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Bull World Health Organ. 2004 May;82(5):330-7.

Sexual violence against intimate partners in Cape Town: prevalence and risk factors reported by men.

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Gender and Health Research Group, South African Medical Research Council, PO Box 19070 Tygerberg 7505, South Africa.



To describe the prevalence of and risk factors for the perpetration of sexual violence by men against female intimate partners.


A cross-sectional study was conducted on 1368 randomly selected men working in three Cape Town municipalities. The men were interviewed with the aid of a questionnaire on current sexual partners in the preceding 10 years, personal and relationship characteristics and the use of violence against their partners.


The perpetration of sexual violence against intimate partners in the past 10 years was reported by 15.3% of the men. After adjustment for sociodemographic circumstances, the factors associated with such violence were involvement in physical conflict outside the home, problematic alcohol use, having more than one current partner and abusing partners verbally. While having frequent conflict with partners was important for the risk of sexual violence, only two types of conflict sources were significantly associated with this risk, namely conflict over sexual refusal and conflict when men perceived their authority to be undermined.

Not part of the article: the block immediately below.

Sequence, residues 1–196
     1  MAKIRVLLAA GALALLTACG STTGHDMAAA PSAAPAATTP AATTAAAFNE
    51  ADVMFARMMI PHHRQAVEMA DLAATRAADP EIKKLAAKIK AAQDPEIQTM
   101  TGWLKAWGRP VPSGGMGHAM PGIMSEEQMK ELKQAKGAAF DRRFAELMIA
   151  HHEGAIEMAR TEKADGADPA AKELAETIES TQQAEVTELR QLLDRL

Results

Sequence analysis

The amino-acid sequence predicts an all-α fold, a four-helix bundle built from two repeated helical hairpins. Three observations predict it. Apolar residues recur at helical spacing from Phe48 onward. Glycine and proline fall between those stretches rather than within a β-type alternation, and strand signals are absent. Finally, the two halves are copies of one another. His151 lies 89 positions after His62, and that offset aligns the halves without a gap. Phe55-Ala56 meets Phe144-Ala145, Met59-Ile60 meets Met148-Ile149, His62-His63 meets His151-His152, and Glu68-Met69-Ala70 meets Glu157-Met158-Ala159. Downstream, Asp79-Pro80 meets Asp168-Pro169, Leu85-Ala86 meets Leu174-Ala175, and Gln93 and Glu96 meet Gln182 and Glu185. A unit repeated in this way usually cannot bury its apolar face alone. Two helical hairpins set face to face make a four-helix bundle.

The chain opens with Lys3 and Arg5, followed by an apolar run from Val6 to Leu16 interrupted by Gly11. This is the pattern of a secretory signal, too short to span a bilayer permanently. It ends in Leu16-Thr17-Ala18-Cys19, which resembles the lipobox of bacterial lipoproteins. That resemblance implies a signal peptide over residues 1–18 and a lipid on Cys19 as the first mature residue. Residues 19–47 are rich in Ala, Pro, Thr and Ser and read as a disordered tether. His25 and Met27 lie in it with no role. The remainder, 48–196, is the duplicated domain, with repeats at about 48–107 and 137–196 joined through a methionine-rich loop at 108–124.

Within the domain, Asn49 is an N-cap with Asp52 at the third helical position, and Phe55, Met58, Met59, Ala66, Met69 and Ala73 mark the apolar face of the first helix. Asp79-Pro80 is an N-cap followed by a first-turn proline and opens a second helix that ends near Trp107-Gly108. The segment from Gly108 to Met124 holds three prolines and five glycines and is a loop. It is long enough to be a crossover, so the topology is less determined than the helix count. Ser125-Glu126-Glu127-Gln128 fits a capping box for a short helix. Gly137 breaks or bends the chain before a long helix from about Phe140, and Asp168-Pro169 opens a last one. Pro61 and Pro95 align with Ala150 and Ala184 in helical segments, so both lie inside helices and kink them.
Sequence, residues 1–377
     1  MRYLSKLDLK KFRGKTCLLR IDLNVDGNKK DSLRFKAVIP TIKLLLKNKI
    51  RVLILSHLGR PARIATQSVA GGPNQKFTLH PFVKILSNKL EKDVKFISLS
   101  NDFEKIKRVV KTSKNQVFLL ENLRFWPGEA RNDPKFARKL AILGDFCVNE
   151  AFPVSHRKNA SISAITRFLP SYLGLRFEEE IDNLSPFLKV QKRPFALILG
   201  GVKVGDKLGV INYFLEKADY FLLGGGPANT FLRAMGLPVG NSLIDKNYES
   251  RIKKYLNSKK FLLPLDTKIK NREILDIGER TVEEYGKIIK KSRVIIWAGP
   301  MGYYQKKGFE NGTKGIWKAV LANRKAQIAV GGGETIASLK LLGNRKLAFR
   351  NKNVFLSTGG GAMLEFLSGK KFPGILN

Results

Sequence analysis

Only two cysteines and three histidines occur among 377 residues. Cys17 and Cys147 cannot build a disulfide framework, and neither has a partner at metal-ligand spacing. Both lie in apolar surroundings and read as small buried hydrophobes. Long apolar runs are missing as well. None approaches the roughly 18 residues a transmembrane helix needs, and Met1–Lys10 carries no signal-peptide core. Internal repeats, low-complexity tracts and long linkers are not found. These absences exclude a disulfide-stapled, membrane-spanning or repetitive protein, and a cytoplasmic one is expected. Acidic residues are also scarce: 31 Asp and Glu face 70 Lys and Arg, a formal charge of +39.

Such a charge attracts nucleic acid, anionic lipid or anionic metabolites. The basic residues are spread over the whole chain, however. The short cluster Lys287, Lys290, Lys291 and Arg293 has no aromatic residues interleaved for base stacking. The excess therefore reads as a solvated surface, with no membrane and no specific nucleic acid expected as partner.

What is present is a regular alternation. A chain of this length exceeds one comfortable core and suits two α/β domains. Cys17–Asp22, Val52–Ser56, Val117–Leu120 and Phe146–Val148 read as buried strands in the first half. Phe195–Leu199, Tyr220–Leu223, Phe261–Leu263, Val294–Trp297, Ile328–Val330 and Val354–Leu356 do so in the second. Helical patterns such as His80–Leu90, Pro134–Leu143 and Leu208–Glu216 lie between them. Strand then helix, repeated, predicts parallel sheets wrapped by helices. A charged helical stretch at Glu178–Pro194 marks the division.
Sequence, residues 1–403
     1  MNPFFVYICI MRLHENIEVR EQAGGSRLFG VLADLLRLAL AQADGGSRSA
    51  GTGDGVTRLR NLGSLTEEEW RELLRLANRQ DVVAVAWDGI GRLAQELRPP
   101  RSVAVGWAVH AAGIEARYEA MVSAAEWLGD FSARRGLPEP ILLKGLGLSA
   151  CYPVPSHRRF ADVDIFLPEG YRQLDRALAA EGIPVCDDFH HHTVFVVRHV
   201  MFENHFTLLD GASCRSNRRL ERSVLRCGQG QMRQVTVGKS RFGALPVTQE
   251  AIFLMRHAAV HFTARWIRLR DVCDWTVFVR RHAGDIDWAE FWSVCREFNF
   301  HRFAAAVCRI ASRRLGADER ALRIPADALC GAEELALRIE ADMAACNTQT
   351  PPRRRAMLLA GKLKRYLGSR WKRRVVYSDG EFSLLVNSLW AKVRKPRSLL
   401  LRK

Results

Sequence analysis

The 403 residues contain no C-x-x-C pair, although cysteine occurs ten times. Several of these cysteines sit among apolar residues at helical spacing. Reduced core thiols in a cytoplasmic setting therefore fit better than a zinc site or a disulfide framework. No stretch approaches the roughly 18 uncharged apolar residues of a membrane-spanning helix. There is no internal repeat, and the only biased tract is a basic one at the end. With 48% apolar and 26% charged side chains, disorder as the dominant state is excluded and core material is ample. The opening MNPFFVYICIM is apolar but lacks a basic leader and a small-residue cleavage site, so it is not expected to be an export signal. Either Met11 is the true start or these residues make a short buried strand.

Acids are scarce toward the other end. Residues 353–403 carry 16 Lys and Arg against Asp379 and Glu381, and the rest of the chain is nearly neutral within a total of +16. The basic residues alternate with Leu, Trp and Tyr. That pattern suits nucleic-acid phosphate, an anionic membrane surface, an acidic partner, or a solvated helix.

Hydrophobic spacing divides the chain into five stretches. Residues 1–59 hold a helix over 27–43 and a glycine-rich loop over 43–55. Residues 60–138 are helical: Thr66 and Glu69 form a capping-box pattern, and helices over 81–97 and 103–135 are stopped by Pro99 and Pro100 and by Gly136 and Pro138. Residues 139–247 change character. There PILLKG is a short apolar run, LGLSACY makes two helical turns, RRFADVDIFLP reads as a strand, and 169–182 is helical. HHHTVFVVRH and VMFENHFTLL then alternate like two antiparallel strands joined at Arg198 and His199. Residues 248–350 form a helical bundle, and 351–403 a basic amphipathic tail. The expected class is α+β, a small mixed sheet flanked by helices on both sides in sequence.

Sexual violence in intimate relations was common. The risk of being sexually violent was associated with the use of violence to solve problems in other settings, having more than one current partner, alcohol abuse and verbally abusing a partner. It was also associated with particular types of conflict stemming from ideas of male sexual entitlement and dominance. Prevention programmes that focus on gender relations and non-violent conflict resolution for men and youths may be useful in combating such sexual violence.

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